Issuers of news releases, not 7th Wave, Inc. or Nanotechnology Now, are solely responsible for the accuracy of the content.

Bookmark:
Delicious Digg Newsvine Google Yahoo Reddit Magnoliacom Furl Facebook

Related News Press

News and information

Advantest to Exhibit at SEMICON Korea in Seoul, South Korea February 4-6 Showcasing Broad Portfolio of Semiconductor Products, Technologies and Solutions January 29th, 2015

Park Systems Announces Innovations in Bio Cell Analysis with the Launch of Park NX-Bio, the only 3-in-1 Imaging Nanoscale Tool Available for Life Science Researchers January 29th, 2015

2015 Nanonics Image Contest January 29th, 2015

Iranian Scientists Use MOFs to Eliminate Dye Pollutants January 29th, 2015

Possible Futures

GS7 Graphene Sensor maybe Solution in Fight Against Cancer January 25th, 2015

Nanotechnology in Energy Applications Market Research Report 2014-2018: Radiant Insights, Inc January 15th, 2015

'Mind the gap' between atomically thin materials December 23rd, 2014

A novel method for identifying the body’s ‘noisiest’ networks November 19th, 2014

Academic/Education

Rice's Naomi Halas to direct Smalley Institute: Optics pioneer will lead Rice's multidisciplinary science institute January 15th, 2015

SUNY Board Appoints Dr. Alain Kaloyeros as Founding President of SUNY Polytechnic Institute January 13th, 2015

CNSE's Smart System Technology & Commercialization Center Successfully Recertifies as ISO 9001:2008 January 12th, 2015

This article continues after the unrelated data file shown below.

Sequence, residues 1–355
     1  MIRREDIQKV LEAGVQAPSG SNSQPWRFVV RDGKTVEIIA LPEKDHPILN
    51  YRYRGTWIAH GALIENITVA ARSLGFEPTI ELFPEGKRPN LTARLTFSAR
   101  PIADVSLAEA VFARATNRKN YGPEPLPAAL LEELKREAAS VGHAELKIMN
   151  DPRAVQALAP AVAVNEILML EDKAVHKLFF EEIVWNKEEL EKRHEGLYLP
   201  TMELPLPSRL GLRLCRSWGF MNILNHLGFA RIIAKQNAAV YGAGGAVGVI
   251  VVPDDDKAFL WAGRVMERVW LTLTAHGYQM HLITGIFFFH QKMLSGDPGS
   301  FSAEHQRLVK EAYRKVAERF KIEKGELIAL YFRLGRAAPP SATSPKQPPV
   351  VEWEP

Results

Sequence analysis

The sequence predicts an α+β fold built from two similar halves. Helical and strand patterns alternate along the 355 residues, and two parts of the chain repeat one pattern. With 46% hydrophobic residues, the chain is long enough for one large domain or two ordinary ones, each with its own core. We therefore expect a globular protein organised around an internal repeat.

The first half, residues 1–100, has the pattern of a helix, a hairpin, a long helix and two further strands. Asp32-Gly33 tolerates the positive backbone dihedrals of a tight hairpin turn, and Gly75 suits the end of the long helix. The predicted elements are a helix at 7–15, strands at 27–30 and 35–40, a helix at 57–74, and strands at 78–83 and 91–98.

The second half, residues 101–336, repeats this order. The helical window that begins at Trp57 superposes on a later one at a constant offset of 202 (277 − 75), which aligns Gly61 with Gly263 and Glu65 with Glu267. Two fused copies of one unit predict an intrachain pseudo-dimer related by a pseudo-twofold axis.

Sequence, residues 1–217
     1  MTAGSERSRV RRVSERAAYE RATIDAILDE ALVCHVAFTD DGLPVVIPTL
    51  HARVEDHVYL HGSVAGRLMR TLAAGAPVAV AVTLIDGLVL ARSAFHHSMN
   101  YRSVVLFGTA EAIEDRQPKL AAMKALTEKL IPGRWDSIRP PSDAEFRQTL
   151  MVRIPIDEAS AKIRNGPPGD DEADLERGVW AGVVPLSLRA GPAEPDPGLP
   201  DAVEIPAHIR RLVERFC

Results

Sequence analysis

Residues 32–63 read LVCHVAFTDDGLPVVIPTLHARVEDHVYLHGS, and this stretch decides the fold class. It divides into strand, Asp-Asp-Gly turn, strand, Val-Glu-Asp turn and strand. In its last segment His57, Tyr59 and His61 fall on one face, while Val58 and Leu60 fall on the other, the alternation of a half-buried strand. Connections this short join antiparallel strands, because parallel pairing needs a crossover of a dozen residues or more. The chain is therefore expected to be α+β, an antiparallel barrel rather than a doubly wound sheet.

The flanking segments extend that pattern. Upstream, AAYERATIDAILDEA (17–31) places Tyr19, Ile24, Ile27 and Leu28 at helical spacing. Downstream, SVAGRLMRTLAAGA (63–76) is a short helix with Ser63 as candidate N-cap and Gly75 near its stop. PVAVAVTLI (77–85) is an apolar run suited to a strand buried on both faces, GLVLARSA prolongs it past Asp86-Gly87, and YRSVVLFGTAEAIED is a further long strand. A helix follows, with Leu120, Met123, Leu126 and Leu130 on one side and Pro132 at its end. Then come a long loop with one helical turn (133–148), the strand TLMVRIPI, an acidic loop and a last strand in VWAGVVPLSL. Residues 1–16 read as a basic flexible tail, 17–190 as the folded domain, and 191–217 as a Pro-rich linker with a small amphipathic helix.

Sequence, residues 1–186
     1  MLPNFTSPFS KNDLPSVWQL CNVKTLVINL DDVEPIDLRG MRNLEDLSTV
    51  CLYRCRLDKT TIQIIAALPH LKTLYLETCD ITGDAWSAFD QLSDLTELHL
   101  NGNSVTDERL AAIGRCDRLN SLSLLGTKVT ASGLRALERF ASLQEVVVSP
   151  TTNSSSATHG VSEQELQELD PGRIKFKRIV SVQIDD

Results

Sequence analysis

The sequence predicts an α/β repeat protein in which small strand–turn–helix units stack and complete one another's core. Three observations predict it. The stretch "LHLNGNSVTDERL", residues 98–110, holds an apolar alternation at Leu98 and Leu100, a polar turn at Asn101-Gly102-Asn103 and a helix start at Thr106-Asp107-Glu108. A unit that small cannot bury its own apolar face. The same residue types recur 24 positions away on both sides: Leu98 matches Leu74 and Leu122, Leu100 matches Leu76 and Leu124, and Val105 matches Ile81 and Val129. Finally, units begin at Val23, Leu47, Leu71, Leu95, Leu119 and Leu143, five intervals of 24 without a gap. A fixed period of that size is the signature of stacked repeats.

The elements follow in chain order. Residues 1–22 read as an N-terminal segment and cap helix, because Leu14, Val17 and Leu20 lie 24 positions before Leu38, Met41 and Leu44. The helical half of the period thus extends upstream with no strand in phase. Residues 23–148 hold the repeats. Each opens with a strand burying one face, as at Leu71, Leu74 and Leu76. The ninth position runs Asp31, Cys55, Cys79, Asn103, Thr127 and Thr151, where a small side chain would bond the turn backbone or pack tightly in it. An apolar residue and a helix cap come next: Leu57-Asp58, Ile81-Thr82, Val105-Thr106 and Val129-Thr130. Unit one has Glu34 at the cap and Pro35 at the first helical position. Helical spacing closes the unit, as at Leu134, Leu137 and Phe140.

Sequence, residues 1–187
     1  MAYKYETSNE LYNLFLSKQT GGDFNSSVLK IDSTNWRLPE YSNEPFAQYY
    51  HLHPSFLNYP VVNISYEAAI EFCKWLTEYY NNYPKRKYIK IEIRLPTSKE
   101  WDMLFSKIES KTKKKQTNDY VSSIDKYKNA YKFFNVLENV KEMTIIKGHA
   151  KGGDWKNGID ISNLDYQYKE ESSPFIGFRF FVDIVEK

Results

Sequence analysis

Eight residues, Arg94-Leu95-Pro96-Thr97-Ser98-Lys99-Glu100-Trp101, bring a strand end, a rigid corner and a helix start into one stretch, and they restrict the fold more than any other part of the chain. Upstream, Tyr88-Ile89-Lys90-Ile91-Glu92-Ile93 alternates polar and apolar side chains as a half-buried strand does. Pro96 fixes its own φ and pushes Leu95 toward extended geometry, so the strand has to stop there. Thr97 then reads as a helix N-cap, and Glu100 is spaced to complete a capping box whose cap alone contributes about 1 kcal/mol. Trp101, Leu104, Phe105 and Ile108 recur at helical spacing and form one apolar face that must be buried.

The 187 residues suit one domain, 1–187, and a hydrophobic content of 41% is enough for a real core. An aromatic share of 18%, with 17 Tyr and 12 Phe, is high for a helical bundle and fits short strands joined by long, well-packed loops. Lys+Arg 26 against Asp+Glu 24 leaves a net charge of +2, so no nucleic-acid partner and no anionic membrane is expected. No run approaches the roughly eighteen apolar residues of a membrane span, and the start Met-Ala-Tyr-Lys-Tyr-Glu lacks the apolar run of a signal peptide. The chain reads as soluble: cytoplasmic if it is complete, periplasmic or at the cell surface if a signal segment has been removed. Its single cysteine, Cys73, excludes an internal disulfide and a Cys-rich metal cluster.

SUNY Poly Now Accepting Applications to the Colleges of Nanoscale Science and Engineering for Fall 2015: Full Scholarships Available to Incoming CNSE Students January 7th, 2015

Chip Technology

Creating new materials with quantum effects for electronics January 29th, 2015

Advantest to Exhibit at SEMICON Korea in Seoul, South Korea February 4-6 Showcasing Broad Portfolio of Semiconductor Products, Technologies and Solutions January 29th, 2015

Nanometrics to Present at the Stifel 2015 Technology, Internet and Media Conference January 27th, 2015

New pathway to valleytronics January 27th, 2015

Nanoelectronics

Electronic circuits with reconfigurable pathways closer to reality January 26th, 2015

Rice-sized laser, powered one electron at a time, bodes well for quantum computing January 15th, 2015

Rapid journey through a crystal lattice: Researchers measure how fast electrons move through single atomic layers January 14th, 2015

A new step towards using graphene in electronic applications January 14th, 2015

Announcements

Advantest to Exhibit at SEMICON Korea in Seoul, South Korea February 4-6 Showcasing Broad Portfolio of Semiconductor Products, Technologies and Solutions January 29th, 2015

Park Systems Announces Innovations in Bio Cell Analysis with the Launch of Park NX-Bio, the only 3-in-1 Imaging Nanoscale Tool Available for Life Science Researchers January 29th, 2015

2015 Nanonics Image Contest January 29th, 2015

Iranian Scientists Use MOFs to Eliminate Dye Pollutants January 29th, 2015

NanoNews-Digest
The latest news from around the world, FREE



  Premium Products
NanoNews-Custom
Only the news you want to read!
 Learn More
NanoTech-Transfer
University Technology Transfer & Patents
 Learn More
NanoStrategies
Full-service, expert consulting
 Learn More










ASP
Nanotechnology Now Featured Books




NNN

The Hunger Project







© Copyright 1999-2015 7th Wave, Inc. All Rights Reserved PRIVACY POLICY :: CONTACT US :: STATS :: SITE MAP :: ADVERTISE